Wednesday, January 23, 2013

Wildflowers and Weeds

A weed is but an unloved flower. ~ Ella Wheeler Wilcox

Wildflowers and weeds, they seem to be almost impervious. Their ability to grow anywhere and everywhere is quite amazing. Our tolerance of them is entirely individual. Do you dedicate a space and allow them to do their own thing and to attract the necessary pollinators to your garden or do you constantly try to eradicate them? I'll never forget purchasing a really pretty Lyreleaf Sage in my earlier days of gardening called Salvia lyrata and having my good friend very quickly inform me that the plant's common name was roadside or wild sage. Yes, you can find it growing wild just about anywhere. Is a weed simply a plant growing somewhere that you don't want it to grow?

I once watched a video of two guys exploring the depths of the Congaree National Swamp. A place that I would probably never want to get to physically. (Snakes and mud are really not my thing.) I loved just watching the video, although some people that I know with disabilities would enjoy taking part in that kind of adventure. The Congaree National Park has a wonderful 2-mile long and very accessible boardwalk. I'm not certain to what extent of access that the park's other trails provide, and these two guys were definitely not on any trails. The video allowed me to see even more of the swamp. I've suggested this type of added accommodation often especially to historical structures where physical access may be truly difficult. i.e. a historical ship where certain areas other than the main ones are not feasibly passable to anyone with any type of mobility disability, a lighthouse or to the various floors of a Nationally Registered Historical House Museum (Most are obligated to provide access from accessible parking to at least the first floor, bathroom and gift shop.)

When I was younger, I would do everything in my power to avoid attracting any type of negative attention or to be perceived as one of those angry, negative people with a disability whose life would be unbearable to have to live. I have had a really good life in an environment that would often defeat many. I now know much sooner when I am apparently wasting my time. I will make suggestions to anyone willing to hear me and who legitimately wants to make improvements. It's simply wonderful when they want to do it because "it is the right thing to do!" It's up to them to implement any change. I have to laugh, and laugh often. I know that there are certain things that I can't laugh about. I do find myself quite frequently shaking my head in disbelief and asking myself, "What were they thinking?"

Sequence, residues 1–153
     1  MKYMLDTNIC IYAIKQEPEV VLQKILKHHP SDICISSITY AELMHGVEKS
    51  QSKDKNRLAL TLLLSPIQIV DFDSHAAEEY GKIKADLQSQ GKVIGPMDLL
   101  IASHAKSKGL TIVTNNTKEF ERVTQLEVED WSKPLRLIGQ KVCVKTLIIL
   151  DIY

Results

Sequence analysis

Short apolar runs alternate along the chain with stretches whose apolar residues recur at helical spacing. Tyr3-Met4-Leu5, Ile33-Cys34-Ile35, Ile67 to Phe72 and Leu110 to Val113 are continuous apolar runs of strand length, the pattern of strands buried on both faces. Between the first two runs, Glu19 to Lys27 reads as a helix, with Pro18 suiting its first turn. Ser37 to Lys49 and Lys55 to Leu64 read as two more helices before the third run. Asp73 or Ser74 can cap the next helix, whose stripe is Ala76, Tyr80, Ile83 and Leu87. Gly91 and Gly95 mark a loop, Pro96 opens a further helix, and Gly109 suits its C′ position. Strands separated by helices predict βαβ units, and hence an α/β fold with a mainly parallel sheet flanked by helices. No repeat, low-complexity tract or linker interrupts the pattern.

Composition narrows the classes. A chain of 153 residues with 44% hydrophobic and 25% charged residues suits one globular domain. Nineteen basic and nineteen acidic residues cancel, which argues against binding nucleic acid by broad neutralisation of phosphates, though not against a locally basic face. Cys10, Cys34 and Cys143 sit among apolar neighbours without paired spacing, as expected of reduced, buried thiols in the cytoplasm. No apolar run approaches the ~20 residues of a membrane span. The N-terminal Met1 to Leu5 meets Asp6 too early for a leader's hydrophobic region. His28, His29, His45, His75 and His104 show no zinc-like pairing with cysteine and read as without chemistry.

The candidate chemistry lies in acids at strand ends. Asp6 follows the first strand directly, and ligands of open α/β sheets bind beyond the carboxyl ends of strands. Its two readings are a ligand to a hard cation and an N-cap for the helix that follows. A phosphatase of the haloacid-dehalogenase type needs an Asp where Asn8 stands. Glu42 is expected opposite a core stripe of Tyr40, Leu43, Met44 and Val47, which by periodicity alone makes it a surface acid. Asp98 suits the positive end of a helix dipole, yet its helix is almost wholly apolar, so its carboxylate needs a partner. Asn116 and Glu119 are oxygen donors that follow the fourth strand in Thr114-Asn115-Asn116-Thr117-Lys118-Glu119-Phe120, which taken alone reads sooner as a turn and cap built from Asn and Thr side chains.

Years ago, I would also do everything in my power to not be perceived as disabled, everything except wearing pantyhose and 4 inch high heels. (I never liked them to begin with.) I drove a sporty car, dismantled my wheelchair 6 or more times a day, and without help because I could. I would go to the beach and crawl across the sand to go for a swim. I was young, and unstoppable! Kind of like Bermudagrass, although I'd rather be perceived as more of a wildflower like Rudbeckia. My husband would not hesitate to pull me up and down steps to visit gardens that I would otherwise miss out on. He too is getting older, and he can no longer do that physically. (He's had three hernias.)